Residence: Camarillo, CA
Date of Performance/Collection: April 17, 2020
Primary Language: English
“A lot of Sorority girls at CSUCI have fought over who gets to live in a Sorority apartment building like most sorority girls at other schools would fight over living in the Sorority house. To call something a Sorority apartment came from a stupid law in Camarillo from the olden days that prohibits more than ten unrelated women to live in the same house, so sororities have gone around the issue by leasing specific buildings in apartment complexes around the school. That’s how the term came to be!”
SM is from Camarillo, California and has grown up in the area since he was born. He says he knows this from his sister who went to CSUCI and was in a sorority that had to do this. He remembers specifically being confused about why her friends would always call it the Sorority apartments cause on TV, people would always talk about sorority houses, but never apartments.
SM is an old high school friend of mine. I invited him to a Discord server and I watched him play The Witcher. He was open to talk about folklore of the area we grew up in during cutscenes he said he had already watched when he had played the entirety of the game before.
Folklore acting as a sort of counteraction against a law is nothing new, but the fact that it has stuck around as long as it has is impressive. The saying of this word must come out of a unique sense of being and is probably not just specific to CSUCI sorority girls, but CSUCI students as a whole. It must be somewhat nice for this folk group to know they get to say something that would seem a bit odd to the average person, but completely relatable and even political to those who knew the issue.
Residence: Southern California (San Diego/Los Angeles)
Date of Performance/Collection: 3/28/18
Primary Language: English
My friend and classmate Pauline told me the following joke, which she learned from her dad, who is a lawyer:
“It was so cold outside today that earlier, I saw a lawyer with his hands in his own pockets.”
This joke relies upon the stereotype that lawyers are greedy and corrupt, and the metonymic use of the phrase “having one’s hands in someone’s pockets” to refer to squeezing money out of someone, like a legal client. The humor of the joke may be based in a genuine belief in this stereotype for people resentful of lawyers, but in this case its humor comes from a self-aware and ironic acknowledgement of the stereotype by a lawyer who presumably does not believe in it.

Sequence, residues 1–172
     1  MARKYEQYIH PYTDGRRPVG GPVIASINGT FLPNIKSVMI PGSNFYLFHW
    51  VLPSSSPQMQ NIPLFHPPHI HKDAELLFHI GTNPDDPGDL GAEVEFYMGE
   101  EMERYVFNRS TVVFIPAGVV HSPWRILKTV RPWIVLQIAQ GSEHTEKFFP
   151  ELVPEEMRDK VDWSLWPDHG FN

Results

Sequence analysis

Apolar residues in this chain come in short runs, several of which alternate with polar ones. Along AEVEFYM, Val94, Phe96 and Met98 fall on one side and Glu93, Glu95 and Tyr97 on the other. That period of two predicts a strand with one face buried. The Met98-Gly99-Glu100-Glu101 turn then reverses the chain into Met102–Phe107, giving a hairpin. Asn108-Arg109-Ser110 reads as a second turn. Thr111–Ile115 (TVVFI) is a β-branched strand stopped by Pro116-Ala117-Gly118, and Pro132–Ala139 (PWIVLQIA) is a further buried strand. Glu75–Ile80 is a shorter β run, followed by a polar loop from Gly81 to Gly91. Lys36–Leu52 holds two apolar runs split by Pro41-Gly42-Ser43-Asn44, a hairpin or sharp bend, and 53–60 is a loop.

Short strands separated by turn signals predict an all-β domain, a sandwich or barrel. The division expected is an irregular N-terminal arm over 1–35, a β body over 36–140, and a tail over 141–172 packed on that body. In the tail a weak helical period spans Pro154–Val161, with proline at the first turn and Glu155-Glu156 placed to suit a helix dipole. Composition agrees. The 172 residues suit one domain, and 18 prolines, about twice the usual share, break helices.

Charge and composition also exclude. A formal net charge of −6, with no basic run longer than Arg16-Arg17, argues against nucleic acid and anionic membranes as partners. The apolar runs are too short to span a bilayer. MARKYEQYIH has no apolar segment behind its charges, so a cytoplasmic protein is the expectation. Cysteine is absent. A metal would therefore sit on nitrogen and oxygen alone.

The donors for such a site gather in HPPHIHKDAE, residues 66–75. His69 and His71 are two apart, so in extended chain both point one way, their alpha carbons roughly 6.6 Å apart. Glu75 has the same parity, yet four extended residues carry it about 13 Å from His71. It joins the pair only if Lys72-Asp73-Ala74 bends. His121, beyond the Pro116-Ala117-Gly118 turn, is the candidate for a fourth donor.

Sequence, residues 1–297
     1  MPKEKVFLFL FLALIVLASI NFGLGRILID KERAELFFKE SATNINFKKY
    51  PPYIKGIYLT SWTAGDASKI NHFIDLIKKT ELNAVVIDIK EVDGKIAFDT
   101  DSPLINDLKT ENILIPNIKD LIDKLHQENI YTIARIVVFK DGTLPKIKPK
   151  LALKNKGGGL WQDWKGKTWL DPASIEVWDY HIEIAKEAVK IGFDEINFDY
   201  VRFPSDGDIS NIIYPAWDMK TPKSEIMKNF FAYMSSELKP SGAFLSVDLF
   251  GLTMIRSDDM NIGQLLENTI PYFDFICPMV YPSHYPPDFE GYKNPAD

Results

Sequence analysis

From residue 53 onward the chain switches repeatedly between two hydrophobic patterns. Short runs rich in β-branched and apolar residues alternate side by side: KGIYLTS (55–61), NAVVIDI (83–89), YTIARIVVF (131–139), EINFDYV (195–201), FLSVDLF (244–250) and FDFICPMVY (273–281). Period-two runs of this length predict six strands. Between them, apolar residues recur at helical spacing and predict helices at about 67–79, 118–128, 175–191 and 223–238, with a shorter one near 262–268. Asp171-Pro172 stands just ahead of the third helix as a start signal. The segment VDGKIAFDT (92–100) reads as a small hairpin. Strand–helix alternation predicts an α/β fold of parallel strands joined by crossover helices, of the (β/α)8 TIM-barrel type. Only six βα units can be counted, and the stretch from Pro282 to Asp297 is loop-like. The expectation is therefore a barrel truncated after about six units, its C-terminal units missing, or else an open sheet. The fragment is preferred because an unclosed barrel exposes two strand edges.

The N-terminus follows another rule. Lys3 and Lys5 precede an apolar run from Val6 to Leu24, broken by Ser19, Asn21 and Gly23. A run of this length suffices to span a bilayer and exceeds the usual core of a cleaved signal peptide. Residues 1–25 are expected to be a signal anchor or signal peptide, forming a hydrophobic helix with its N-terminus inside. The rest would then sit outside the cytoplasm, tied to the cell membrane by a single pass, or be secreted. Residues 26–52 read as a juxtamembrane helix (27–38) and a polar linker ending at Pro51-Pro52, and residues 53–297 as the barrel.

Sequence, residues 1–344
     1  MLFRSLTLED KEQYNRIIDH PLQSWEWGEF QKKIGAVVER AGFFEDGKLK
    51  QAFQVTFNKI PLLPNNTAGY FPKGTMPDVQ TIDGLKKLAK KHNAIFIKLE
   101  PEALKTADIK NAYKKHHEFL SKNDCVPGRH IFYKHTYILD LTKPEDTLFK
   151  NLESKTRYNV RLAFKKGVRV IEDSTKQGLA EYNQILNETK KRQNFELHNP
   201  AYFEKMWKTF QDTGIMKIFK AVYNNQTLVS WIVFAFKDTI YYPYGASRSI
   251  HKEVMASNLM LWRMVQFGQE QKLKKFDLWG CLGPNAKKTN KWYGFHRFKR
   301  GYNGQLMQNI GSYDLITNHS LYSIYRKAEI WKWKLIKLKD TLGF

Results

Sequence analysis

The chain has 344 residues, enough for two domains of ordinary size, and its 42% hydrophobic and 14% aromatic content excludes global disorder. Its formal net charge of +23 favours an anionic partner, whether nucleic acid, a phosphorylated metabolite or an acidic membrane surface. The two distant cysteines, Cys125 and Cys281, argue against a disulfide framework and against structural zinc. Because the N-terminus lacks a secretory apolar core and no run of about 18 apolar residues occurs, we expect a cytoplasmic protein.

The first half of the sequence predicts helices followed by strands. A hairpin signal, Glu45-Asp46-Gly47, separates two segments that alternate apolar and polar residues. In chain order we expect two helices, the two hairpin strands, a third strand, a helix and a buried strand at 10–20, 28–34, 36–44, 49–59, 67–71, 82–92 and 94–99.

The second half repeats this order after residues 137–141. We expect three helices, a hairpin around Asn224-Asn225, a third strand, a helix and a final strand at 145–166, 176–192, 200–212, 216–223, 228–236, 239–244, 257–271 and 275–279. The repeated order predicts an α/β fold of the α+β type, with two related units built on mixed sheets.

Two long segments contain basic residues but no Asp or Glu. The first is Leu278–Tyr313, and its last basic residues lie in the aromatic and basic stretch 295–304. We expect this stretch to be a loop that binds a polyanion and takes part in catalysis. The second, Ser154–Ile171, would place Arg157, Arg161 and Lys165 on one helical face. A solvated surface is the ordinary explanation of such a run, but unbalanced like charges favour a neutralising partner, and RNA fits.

Pauline says that her dad has a number of lawyer jokes in his repertoire, which he tells “any time we’re with, like, any other lawyers, or if someone’s giving him a hard time about being a lawyer.” Such jokes are pieces of occupational folklore, which may serve to bond lawyers over their common identity, or may function as self-deprecating humor performed for the entertainment of non-lawyers. Lawyer jokes are a common staple of mainstream American humor, indicating a distrust of or misanthropic feeling toward lawyers from the general public outside of the profession. Their embrace by lawyers themselves is somewhat surprising, but is representative of the ways folklore may shift meaning depending on context.
Residence: San Marino, California
Date of Performance/Collection: April 2007
Primary Language: English
Other Language(s): Mandarin
Q: What don’t you want, but when you have it, you don’t want to lose it?
A: A lawsuit.
My informant learned this riddle on a tour bus in Europe while she was on vacation. Since she loves riddles and puzzles, she looks forward to hearing new ones to think about and solve. Each time she learns a new riddle, she tells them to her friends to see if they can figure it out. Her friends know that they can go to her if they want to hear a riddle. Lauren also tells this riddle, and other riddles that she has collectively learned, when she or other people are bored. She believes that saying riddles is a good source of entertainment. It takes the way the silence or boredom that is present within a group of people.
Lauren really likes this riddle because it’s good. It makes people think a little without needing to think too hard. It doesn’t take a long time to tell, so it’s an easy way to amuse people. Lauren especially likes this joke because she couldn’t figure it out for a long time. Because Lauren has heard so many riddles, she can usually figure them out pretty quickly. This one caught Lauren off guard, so she liked pondering over the riddle.
This riddle is actually a very clever one. When my informant told it to me, I could not get the answer. After she told me the answer, the entire riddle made sense to me. I like these riddles because it gives me a chance to think. Riddles are so easy once you know them, but they’re so hard. Sometimes I end up thinking too hard when the answer is right there in front of me. With riddles, people can discover their thinking patterns. I think that riddles are a great way to educate children because they force children to think outside the box.
“Don’t Lose It.” Braingle. 6 April 2007 <http://www.braingle.com/brainteasers/teaser.php?op=2;id=1927;comm=0>.
Q:You do not want to have it,
But when you do have it,
You do not want to lose it?
What is it?
A: A Lawsuit.